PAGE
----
Early this week I heard that the Cascade Lakes had 20 inches of smooth ice so I set out with a friend to knock off that New Year’s goal of skating the lakes I’ve only seen from the road.

My friend and I are trying out nordic skates with bindings we can step into using our cross-country ski boots. My friend has an NNN binding system and I have a three-pin boot that fits into a backcountry type binding. She received her skates as a gift last winter but didn’t get to practice much.

I borrowed a pair of skates to test drive — I love the idea of using my cross-country boots because they are warm, comfortable and supportive. A big improvement over either the tight, wobbly figure skates I used as a teenager or the wider, heavy hockey skates I picked up at a yard sale a few years ago.

When we arrived we found the Cascades under a few inches of snow, making it much less desirable to skate since you can’t read the ice. The snow also blows into rough piles that can flip a skater in a heartbeat.

We were set on skating and we remembered that Lake Placid opened an ice trail around Mirror Lake last week so we adjusted the destination, noting that I still need to do the Cascades before the season ends.

Under a perfect bluebird sky, we parked near the toboggan run in Lake Placid and walked down the bank to the frozen lake. We were skating in no time. It is truly great not to have to fight stiff skates with cold hands when the temperature is 9 degrees. We clipped in and headed for the loop.

At first a dusting of snow obscured the trail, but very soon a guy came along with a giant sweeper on the front of a small rig that looks like it’s normally a sidewalk plow. The friendly driver high-fived us and we followed in his path, taking advantage of the best ice conditions and chuckling about the "Ice Road Truckers" from Yellowknife.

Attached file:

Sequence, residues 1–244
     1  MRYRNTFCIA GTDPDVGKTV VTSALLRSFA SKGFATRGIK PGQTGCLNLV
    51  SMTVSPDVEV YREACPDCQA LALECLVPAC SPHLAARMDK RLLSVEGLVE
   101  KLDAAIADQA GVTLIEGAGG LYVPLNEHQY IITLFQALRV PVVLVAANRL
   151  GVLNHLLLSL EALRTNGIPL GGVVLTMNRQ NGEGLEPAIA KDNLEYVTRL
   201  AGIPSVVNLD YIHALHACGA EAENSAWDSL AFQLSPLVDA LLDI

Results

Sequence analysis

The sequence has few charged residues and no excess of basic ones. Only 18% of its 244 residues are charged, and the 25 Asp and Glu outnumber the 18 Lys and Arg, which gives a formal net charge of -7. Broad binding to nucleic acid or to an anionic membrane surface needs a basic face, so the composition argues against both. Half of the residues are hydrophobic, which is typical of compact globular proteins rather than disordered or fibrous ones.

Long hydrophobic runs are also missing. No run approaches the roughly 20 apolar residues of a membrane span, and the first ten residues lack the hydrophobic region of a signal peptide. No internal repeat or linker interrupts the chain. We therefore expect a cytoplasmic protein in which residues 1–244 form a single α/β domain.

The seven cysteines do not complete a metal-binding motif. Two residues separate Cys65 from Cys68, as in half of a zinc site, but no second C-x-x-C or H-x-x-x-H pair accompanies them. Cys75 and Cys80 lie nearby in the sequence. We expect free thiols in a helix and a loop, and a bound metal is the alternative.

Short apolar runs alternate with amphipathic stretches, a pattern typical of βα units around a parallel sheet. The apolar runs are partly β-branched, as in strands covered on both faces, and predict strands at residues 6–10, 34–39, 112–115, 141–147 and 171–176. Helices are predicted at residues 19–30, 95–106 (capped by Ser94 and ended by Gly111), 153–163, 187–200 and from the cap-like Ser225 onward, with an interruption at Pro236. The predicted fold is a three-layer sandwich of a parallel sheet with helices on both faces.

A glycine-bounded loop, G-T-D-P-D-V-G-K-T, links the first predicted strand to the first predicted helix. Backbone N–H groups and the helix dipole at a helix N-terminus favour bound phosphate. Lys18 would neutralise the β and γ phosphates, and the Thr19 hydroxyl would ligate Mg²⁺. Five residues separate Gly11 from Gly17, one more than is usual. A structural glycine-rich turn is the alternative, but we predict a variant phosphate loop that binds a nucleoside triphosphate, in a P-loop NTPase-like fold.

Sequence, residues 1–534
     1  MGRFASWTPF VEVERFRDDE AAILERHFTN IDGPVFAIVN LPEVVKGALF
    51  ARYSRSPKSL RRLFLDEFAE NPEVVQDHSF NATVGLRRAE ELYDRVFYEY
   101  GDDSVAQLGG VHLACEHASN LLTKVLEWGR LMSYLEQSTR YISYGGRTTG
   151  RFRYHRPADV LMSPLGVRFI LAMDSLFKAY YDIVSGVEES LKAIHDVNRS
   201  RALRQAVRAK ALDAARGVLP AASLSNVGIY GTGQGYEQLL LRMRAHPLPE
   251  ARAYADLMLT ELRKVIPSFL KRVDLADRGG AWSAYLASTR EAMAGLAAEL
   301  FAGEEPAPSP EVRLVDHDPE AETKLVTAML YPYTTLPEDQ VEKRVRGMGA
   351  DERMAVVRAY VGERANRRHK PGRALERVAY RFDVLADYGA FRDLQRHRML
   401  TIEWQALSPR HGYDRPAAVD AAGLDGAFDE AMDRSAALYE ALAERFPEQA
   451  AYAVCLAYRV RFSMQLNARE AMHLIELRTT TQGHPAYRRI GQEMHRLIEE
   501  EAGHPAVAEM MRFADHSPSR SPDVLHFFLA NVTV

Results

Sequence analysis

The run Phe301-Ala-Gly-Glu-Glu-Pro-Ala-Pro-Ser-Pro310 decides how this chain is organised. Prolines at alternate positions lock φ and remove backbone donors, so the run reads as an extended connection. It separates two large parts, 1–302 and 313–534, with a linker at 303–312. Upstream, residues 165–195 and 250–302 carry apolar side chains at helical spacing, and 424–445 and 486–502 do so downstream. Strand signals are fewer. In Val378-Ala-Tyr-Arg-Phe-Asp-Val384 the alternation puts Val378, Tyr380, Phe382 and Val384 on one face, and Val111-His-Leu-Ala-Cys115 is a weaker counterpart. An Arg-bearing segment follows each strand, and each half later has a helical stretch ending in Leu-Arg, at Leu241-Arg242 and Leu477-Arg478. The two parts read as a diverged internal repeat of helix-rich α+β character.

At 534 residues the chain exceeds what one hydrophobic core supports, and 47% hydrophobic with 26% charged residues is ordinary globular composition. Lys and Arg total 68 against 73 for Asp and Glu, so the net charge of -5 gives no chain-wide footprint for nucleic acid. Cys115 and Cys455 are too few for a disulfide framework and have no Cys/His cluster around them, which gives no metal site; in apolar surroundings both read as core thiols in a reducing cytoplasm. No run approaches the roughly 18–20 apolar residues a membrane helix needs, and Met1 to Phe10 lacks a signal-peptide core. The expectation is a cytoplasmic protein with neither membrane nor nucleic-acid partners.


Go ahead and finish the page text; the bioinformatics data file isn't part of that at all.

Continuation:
There were rough spots but there were also long stretches of great ice that was a pleasure to skate. We both carried ski poles that helped with balance while we got the feel for the nordic blades.

The ice trail is swept around the perimeter of Mirror Lake, with two trails cutting across the middle. The best ice is on the east side (the side opposite the village) and farthest to the north. In total the trail is 2 miles. We skated almost all the way around one way then hit some rough ice on the village side so reversed direction and skated back the way we’d come for a total of just under 4 miles.

The most experienced skaters in the area have been skating since the week before Thanksgiving on small ponds and lakes that freeze early. Wild ice is nothing to be trifled with and there are lots of safety precautions that need to be observed and must-have safety equipment that should be carried at all times.

All water bodies have thin spots. Skating the Cascades has appeal because it’s narrow and easy to get to shore if anything happens.

Mirror Lake, although too tame for some wild skaters, has a somewhat wild feel and is a great place to get the hang of new skates, to practice reading ice conditions and to hear the rumbling and rasping sounds of the frozen water.

Elizabeth Lee is a licensed guide who lives in Westport. She leads recreational and educational programs focused in the Champlain Valley throughout the year. Contact her at lakeside5047@gmail.com.

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